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Home / India / Muslim bride and Hindu groom? It’s love, not jihad

Muslim bride and Hindu groom? It’s love, not jihad

UP police arrests Muslim men and Hindu women and/or their relatives under a new state ordinance that criminalises religious conversion for marriage

Piyush Srivastava   |   Lucknow   |   Published 12.12.20, 01:12 AM

When a Muslim woman eloped with a Hindu man in Bareilly last week, the police saw no love jihad or yuddh, deciding that as consenting adults they had the right to live together.

But in several recent instances where the men were Muslim and the women Hindu, the Uttar Pradesh police arrested the men or their relatives under a new state ordinance that criminalises religious conversion for marriage and became law on November 27.

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While the ordinance is not religion-specific in its phrasing, BJP leaders have made it clear that it’s aimed at checking “love jihad” – an alleged conspiracy by Muslim men to marry, convert and radicalise Hindu women. Chief minister Yogi Adityanath had been among the first to allege such a conspiracy.

The father of a Muslim woman had registered a case at Prem Nagar police station, Bareilly, on December 5 alleging a young Hindu, Aman Kumar, had lured and kidnapped his daughter.

“I registered the case under the Uttar Pradesh Prohibition of Unlawful Conversion of Religion Ordinance, 2020. But the police were sceptical from the beginning,” the father told reporters in Bareilly on Thursday.

“The police rescued my daughter, who was under the influence of the man with whom she had eloped, on December 6 and produced her in court, where she said she had gone with the man willingly.”

The father said Aman was trying to convert his daughter to Hinduism. “But the police let her go with him. They didn’t let us meet her — we wanted to convince her that her future was not safe with the man.”

Bareilly city superintendent of police Ravindra Kumar dismissed the father’s contentions.

“It’s a case of love between adults. There’s no angle of religious conversion in the case; so they were allowed to go wherever they wanted,” he said.

When a similar case was registered against a Muslim man on December 7 in the Kanth area of Moradabad, however, the police arrested the accused and his brother. They sent his “Hindu” wife to a remand home despite her being an adult and five months pregnant.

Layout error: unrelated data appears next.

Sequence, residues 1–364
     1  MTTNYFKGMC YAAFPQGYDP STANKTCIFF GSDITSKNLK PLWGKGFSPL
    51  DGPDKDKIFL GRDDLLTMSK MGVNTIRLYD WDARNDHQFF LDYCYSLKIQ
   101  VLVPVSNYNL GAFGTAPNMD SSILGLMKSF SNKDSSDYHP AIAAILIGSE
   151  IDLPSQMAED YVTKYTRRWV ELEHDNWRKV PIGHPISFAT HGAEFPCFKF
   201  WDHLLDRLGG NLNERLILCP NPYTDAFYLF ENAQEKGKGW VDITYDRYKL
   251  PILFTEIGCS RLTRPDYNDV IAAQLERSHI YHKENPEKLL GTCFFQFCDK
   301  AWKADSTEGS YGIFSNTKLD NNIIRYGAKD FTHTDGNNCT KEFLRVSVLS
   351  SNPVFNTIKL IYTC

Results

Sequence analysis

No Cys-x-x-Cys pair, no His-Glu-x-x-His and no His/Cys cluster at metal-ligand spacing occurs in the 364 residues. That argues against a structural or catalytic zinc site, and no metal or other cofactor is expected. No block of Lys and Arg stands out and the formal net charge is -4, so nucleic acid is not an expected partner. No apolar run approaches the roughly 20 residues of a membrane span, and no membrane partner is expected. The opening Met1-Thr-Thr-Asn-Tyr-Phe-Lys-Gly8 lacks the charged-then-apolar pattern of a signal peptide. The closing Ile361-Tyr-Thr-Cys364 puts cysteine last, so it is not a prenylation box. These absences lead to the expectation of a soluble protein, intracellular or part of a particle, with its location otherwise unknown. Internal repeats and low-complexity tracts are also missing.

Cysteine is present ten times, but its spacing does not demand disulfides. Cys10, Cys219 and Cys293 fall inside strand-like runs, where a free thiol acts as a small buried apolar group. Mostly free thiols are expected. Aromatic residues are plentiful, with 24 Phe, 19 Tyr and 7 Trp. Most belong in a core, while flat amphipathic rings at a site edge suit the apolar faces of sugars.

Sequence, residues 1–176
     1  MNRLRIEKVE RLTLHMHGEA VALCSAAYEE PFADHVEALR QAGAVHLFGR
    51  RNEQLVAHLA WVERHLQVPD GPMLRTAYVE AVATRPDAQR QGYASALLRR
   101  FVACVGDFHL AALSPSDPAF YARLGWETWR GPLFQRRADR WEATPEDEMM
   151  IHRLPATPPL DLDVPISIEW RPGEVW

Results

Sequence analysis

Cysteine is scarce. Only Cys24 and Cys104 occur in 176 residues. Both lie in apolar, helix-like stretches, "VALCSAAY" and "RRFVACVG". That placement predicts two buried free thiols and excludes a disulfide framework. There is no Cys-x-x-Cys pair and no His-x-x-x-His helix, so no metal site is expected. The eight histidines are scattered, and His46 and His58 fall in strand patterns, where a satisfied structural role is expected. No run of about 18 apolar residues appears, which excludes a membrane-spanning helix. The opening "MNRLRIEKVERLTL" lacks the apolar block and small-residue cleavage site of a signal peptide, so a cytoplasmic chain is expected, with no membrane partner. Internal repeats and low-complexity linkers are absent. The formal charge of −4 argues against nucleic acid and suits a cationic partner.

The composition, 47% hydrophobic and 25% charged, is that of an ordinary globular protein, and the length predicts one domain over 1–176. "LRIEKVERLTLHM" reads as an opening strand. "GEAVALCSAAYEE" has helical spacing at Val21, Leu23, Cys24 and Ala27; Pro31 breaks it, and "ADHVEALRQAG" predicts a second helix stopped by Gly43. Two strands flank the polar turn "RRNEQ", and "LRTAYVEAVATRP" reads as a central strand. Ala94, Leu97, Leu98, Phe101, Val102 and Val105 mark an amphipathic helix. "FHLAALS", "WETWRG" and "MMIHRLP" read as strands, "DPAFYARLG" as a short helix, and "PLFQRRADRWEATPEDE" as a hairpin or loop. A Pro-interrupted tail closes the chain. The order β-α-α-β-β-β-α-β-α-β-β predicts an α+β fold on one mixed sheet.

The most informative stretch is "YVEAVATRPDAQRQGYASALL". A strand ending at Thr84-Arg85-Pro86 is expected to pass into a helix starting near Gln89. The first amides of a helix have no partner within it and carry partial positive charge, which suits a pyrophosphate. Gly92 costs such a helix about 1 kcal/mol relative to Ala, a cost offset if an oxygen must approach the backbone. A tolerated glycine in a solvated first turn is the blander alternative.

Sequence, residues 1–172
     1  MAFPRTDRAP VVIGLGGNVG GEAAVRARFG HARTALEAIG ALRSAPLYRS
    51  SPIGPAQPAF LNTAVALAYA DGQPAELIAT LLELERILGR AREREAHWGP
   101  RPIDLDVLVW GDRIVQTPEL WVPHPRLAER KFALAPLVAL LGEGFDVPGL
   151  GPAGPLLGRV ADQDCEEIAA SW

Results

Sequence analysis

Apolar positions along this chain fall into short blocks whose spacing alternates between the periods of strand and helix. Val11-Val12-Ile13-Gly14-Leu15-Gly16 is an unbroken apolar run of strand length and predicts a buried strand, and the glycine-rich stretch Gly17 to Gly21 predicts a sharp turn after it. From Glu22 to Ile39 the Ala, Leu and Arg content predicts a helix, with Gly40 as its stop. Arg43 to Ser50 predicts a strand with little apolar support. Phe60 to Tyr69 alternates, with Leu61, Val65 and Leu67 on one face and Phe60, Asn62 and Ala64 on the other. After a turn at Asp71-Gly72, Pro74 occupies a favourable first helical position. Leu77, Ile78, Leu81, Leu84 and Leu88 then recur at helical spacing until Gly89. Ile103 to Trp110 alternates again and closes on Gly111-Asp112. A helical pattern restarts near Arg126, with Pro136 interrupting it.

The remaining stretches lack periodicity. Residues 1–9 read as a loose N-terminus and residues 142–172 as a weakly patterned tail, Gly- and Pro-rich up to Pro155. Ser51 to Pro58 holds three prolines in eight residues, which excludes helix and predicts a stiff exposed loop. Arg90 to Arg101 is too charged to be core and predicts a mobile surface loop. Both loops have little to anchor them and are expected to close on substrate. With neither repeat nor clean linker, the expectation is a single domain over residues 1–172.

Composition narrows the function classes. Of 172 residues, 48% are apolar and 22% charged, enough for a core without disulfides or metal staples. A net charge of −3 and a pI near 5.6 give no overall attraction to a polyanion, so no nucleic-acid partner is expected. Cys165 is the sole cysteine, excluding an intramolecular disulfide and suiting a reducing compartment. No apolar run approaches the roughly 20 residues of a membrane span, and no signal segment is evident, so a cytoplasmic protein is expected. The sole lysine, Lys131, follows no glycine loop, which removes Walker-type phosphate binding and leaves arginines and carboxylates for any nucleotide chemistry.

The 22-year-old woman said she had undergone a court marriage with Mohammad Rashid six months ago in Uttarakhand and converted to Islam at the time, and that the ordinance was incorrectly being applied retrospectively under prodding from the Bajrang Dal.

She said Bajrang Dal members had accosted the couple on Sunday and alleged that Rashid was pressuring her to convert to Islam.

“We arrested Rashid and his elder brother Mohammad Saleem under the provisions of the new ordinance and sent the woman to a remand home when she refused to go to her parents,” Kanth circle officer Balram Katheria said.

But before being sent to the remand home, the woman told reporters in Moradabad the case was based on falsehoods.

“I’m from (adjoining) Bijnore district. While working at a beauty parlour in Dehradun, Uttarakhand, I met a barber and we had a court marriage there. I changed my religion soon after the marriage,” she said.

“But the Bajrang Dal somehow contacted my mother in Bijnore and persuaded her to submit a false police complaint (in Moradabad) saying I was being forced to convert after the new ordinance was issued.”

On December 5, the police had arrested seven family members of a Muslim youth from the Tambor area of Sitapur district for allegedly helping him “lure and kidnap” a Hindu girl on November 23.

“A relative of the girl lodged a police complaint on November 27 under the new ordinance. Mohammad Jubrail, the main accused, is absconding. We are trying to find the girl too,” Sitapur additional superintendent of police Rajiv Dixit said.

Police sources and the families confirmed that the woman was an adult.

The Adityanath cabinet issued the ordinance on November 24, and governor Anandiben Patel cleared it on November 27.

It criminalises religious conversion for the sake of marriage, and invalidates such marriages. It says inter-faith lovers must apply to their district magistrate two months in advance for permission to marry (without conversion). It prescribes 1 to 10 years’ jail or a fine ranging from Rs 15,000 to Rs 25,000, or both for violations.

Days before the Bareilly police let off Aman Kumar, they had arrested Owais Ahmad on December 3 on a complaint from a Hindu man from the Devraniya area of the district accusing the youth of pressuring his daughter to elope and convert.

“A case was registered under the new ordinance on November 28 and the accused was arrested after five days,” deputy inspector-general (Bareilly zone) Rajesh Kumar Pandey said.

He said Owais had been harassing the woman for the past three years and that she had confirmed this. He added that Owais had been booked under sexual offence sections, too.

According to the woman’s father, she had married another man in June but Owais was threatening him to bring her back and hand her over to him.

Owais’s father Mohammad Rafiq told reporters the woman had levelled the harassment charge under pressure from her family.

“She is an adult and lived with Owais willingly for a few days. Later, she returned home and was married off elsewhere,” he said.

“The girl’s father met me recently and said he bore us no ill will. I don’t know why he and his daughter registered the case against Owais after that.”



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